News ● U.S. House of Representatives
EDUCATION & LABOR COMMITTEE
Congressman George Miller, Chairman
Thursday, July 26, 2007
Press Office, 202-226-0853
Chairwoman Woolsey Statement at Subcommittee Hearing On “The
S-MINER Act (H.R. 2768) and the Miner Health Enhancement Act
of 2007 (H.R. 2769)”
WASHINGTON, D.C. – Below are the prepared remarks of U.S. Rep. Lynn Woolsey(D-CA),
chairwoman of the Subcommittee on Workforce Protections, for a subcommittee hearing on
“The S-MINER Act (H.R. 2768) and the Miner Health Enhancement Act of 2007 (H.R. 2769)”
Thank you all for coming today for this hearing on H.R. 2768, the S-Miner Act and H.R. 2769,
the Miner Health Enhancement Act.
Our Republican colleagues and the mining industry have requested this hearing and we are glad
to accommodate them.
As all members of this Subcommittee are aware, we have previously held 2 hearings on this very
important issue and have heard not only from miners, their families and their representatives, but
from MSHA and industry as well.
I have met with industry representatives myself and my staff has been working with industry,
MSHA and other interested parties to try to come with a consensus on this particular legislation.
Because the health and safety of our miners are too important to ignore or delay.
I am proud to be a sponsor of this legislation, along with our Chairman, Representative Miller,
Representative Rahall, and many members of this Subcommittee.
This legislation makes it crystal clear to MSHA what Congress expects that agency to do.
Nearly 40 years ago Congress first passed health and safety legislation for miners.
While mining is inherently dangerous, we recognized then that there was much government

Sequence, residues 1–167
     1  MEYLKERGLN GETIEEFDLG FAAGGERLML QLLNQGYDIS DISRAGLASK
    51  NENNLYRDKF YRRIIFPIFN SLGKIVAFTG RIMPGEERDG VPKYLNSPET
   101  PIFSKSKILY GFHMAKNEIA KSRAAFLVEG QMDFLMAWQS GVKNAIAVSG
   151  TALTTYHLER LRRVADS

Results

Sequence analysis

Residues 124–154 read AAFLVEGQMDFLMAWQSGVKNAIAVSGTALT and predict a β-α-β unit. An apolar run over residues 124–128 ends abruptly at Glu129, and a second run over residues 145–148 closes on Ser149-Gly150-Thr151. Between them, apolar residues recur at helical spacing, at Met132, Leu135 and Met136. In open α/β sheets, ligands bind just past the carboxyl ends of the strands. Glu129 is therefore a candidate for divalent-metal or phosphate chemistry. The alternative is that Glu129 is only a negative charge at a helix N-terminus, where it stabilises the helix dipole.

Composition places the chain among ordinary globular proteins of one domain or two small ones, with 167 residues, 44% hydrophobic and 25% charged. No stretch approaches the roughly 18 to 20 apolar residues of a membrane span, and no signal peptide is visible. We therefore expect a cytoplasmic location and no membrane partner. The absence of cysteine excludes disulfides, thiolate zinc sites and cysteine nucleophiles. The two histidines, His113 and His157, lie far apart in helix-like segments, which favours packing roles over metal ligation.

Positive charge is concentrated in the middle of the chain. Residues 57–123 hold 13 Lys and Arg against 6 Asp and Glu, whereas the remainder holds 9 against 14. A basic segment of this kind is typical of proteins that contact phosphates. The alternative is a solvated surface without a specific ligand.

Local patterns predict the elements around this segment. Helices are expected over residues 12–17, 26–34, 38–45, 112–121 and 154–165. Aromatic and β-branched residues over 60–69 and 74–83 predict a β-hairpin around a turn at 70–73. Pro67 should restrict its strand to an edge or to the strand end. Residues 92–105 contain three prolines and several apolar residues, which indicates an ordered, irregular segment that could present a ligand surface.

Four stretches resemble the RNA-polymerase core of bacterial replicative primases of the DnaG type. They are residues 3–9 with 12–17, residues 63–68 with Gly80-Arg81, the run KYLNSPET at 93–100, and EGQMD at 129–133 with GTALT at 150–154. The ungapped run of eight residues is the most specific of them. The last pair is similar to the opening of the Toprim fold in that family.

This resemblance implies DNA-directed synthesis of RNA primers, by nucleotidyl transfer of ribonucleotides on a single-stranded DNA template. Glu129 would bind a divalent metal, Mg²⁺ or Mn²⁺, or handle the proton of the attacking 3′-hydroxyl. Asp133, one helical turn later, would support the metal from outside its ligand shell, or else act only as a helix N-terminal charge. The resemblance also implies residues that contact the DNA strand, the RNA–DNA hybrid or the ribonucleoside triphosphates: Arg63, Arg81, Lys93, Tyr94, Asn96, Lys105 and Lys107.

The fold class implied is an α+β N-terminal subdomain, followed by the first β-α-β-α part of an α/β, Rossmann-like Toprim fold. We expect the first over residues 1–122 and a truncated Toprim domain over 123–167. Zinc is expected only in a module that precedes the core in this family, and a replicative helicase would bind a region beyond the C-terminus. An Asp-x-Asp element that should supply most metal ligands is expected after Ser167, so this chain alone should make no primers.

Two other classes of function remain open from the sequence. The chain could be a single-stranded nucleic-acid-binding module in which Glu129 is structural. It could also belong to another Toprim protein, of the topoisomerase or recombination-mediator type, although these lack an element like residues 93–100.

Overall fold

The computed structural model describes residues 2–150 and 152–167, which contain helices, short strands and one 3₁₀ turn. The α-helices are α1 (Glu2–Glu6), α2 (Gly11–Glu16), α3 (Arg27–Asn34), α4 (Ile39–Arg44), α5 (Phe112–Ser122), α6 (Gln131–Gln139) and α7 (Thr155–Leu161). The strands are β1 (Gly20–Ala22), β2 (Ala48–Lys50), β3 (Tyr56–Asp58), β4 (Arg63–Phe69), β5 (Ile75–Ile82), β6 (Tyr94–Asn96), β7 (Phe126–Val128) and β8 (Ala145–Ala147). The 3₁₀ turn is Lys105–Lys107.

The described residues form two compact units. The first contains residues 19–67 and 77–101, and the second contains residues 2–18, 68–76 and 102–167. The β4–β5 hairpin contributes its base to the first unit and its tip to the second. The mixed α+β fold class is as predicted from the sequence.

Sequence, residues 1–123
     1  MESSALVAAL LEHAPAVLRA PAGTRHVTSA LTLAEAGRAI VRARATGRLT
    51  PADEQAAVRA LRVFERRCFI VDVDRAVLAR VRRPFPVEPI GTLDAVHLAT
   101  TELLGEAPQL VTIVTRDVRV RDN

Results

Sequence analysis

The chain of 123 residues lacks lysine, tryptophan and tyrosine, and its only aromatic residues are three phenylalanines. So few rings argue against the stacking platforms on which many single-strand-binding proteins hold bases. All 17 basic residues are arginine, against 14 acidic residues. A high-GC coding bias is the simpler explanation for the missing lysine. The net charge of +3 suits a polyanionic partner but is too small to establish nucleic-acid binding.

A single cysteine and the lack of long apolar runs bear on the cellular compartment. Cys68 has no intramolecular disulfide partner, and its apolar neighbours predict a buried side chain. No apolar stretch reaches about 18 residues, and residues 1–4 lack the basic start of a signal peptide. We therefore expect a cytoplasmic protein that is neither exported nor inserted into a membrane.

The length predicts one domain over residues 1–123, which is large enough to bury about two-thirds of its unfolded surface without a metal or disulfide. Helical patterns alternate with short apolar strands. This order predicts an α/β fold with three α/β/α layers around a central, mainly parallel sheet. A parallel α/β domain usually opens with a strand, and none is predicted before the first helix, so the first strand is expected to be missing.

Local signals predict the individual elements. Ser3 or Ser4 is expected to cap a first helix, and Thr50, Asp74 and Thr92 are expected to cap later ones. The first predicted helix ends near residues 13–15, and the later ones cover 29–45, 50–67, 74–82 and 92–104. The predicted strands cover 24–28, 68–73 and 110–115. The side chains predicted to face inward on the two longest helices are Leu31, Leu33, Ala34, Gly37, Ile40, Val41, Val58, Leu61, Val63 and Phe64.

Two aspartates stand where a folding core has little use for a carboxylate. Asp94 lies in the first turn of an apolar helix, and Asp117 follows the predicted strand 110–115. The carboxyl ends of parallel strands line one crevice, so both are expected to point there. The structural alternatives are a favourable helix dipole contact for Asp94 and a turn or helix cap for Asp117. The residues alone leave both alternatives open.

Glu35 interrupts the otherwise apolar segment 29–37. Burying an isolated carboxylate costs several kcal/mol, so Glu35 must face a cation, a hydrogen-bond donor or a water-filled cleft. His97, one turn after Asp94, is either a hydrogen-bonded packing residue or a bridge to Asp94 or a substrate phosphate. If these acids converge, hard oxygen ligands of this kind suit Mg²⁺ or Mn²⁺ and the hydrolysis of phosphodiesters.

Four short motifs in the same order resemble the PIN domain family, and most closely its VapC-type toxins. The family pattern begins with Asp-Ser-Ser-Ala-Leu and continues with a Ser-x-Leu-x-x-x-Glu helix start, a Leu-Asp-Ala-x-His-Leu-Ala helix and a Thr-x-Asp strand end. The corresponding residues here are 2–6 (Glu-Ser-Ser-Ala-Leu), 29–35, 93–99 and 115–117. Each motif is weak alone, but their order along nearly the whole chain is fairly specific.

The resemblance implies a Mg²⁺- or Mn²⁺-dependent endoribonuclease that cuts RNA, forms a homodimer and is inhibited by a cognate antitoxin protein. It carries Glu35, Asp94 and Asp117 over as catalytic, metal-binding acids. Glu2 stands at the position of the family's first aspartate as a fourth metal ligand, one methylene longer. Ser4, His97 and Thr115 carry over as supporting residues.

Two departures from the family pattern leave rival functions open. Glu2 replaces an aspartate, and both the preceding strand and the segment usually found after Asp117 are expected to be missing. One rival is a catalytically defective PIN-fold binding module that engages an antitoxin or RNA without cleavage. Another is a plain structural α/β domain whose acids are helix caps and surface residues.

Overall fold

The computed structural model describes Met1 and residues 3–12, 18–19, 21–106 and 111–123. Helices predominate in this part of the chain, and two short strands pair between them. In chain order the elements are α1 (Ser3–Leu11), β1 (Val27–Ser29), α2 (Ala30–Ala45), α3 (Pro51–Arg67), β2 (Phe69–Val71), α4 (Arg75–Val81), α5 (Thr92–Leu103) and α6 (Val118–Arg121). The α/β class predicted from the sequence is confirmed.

could do to reduce fatalities due to accidents and work-related illnesses, such as black lung.
Things have improved over the years, but not enough.
And recently we have had a wake up call.
In 2006, there were 3 serious mine accidents---at Sago, Aracoma Alma and Darby--- killing 19
By the time the year was over, 47 miners were killed in work-related accidents. This was over
twice the number of miners who lost their lives the year before.
And sadly, these accidents could have been prevented had mine operators followed the law and
had MSHA vigorously enforced the law and its own regulations.
Congress did act swiftly in 2006 by passing the MINER Act.
But over a year and a half later, MSHA has not done much to implement the mandates of the
The miners’ widows who testified before the Full Committee this spring made that clear.
And Cecil Roberts, President of the United Mine Workers also gave us a sober assessment.
He testified that “The reality is that if Sago, Alma or Darby happened today, the results would
very likely be the same. The men who should have escaped those tragedies over a year ago still
could not do so today because very little progress has been made.”
The bills that we are examining today put teeth into the MINER Act by tightening and
supplementing current law with regard to detailed emergency response plans mine operators are
required to put in place, the rescue, recovery and incident investigation authority of MSHA, and
penalties for those owners who break the law.
But the MINER Act when it was passed in 2006 did not go far enough to provide for the health
and safety of miners, and we knew we would need to do more.
These additional issues were more fully explored at the hearings the Chairman held this spring.
For example, miners and miners’ widows told us that miners are afraid to complain about unsafe
conditions because they don’t want to lose their jobs and then be blacklisted.
In mining areas in West Virginia and Kentucky and other states, coal is king, and if a miner loses
his job, he loses the ability to make a living in his community.
This legislation establishes an independent ombudsman to ensure proper attention to miner
complaints of unsafe conditions and to protect whistleblowers from retaliation
In addition, we heard testimony that black lung disease is on the rise and is showing up in
We thought we were on the way to eradicating this disabling and often fatal disease, since black
lung is entirely preventable if coal mine dust is properly controlled.
Other countries have managed to do just that.
Obviously we have to get a handle on this immediately.
Today’s bills revise critical health standards to respond to this alarming rise in black lung and
requires MSHA to adopt the lower exposure limit recommended by the National Institute of
Occupational Safety and Health.
The S-Miner Act and the Miner Health Enhancement Act are critical to protect our miners and
this hearing is very important.
We have a very distinguished and knowledgeable panel of witnesses today who will elaborate on
these very important bills, and I look forward to their testimony.